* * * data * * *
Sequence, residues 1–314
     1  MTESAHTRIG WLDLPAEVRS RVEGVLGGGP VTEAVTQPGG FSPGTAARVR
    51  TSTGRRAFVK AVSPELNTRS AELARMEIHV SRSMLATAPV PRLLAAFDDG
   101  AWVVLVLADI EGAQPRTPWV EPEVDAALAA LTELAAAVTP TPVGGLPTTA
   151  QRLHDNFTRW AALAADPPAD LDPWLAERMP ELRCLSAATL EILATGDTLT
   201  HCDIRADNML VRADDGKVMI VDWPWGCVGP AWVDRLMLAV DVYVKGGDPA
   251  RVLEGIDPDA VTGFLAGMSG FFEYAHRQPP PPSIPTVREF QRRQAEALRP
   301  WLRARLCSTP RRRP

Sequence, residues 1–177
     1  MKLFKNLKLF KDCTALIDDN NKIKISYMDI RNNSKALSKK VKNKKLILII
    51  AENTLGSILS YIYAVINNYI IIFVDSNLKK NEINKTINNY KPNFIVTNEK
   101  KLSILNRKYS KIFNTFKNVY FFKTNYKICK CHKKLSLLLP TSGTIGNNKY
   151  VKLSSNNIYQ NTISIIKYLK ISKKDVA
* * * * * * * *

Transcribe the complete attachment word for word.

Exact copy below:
Sequence, residues 1–314
     1  MTESAHTRIG WLDLPAEVRS RVEGVLGGGP VTEAVTQPGG FSPGTAARVR
    51  TSTGRRAFVK AVSPELNTRS AELARMEIHV SRSMLATAPV PRLLAAFDDG
   101  AWVVLVLADI EGAQPRTPWV EPEVDAALAA LTELAAAVTP TPVGGLPTTA
   151  QRLHDNFTRW AALAADPPAD LDPWLAERMP ELRCLSAATL EILATGDTLT
   201  HCDIRADNML VRADDGKVMI VDWPWGCVGP AWVDRLMLAV DVYVKGGDPA
   251  RVLEGIDPDA VTGFLAGMSG FFEYAHRQPP PPSIPTVREF QRRQAEALRP
   301  WLRARLCSTP RRRP

Sequence, residues 1–177
     1  MKLFKNLKLF KDCTALIDDN NKIKISYMDI RNNSKALSKK VKNKKLILII
    51  AENTLGSILS YIYAVINNYI IIFVDSNLKK NEINKTINNY KPNFIVTNEK
   101  KLSILNRKYS KIFNTFKNVY FFKTNYKICK CHKKLSLLLP TSGTIGNNKY
   151  VKLSSNNIYQ NTISIIKYLK ISKKDVA